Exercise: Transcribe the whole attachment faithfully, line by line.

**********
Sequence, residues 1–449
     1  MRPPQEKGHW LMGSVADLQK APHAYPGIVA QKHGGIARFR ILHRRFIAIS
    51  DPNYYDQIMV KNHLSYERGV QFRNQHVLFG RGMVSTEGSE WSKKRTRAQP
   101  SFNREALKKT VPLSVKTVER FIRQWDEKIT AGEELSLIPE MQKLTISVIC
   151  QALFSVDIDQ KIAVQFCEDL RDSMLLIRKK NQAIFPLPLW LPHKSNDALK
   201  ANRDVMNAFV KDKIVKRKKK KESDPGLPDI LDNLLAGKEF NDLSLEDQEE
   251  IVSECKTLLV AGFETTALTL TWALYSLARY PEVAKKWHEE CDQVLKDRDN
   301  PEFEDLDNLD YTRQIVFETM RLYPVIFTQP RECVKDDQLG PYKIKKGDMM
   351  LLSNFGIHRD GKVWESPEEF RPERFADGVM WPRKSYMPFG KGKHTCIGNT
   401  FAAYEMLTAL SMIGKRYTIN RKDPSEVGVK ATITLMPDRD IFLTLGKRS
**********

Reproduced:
Sequence, residues 1–449
     1  MRPPQEKGHW LMGSVADLQK APHAYPGIVA QKHGGIARFR ILHRRFIAIS
    51  DPNYYDQIMV KNHLSYERGV QFRNQHVLFG RGMVSTEGSE WSKKRTRAQP
   101  SFNREALKKT VPLSVKTVER FIRQWDEKIT AGEELSLIPE MQKLTISVIC
   151  QALFSVDIDQ KIAVQFCEDL RDSMLLIRKK NQAIFPLPLW LPHKSNDALK
   201  ANRDVMNAFV KDKIVKRKKK KESDPGLPDI LDNLLAGKEF NDLSLEDQEE
   251  IVSECKTLLV AGFETTALTL TWALYSLARY PEVAKKWHEE CDQVLKDRDN
   301  PEFEDLDNLD YTRQIVFETM RLYPVIFTQP RECVKDDQLG PYKIKKGDMM
   351  LLSNFGIHRD GKVWESPEEF RPERFADGVM WPRKSYMPFG KGKHTCIGNT
   401  FAAYEMLTAL SMIGKRYTIN RKDPSEVGVK ATITLMPDRD IFLTLGKRS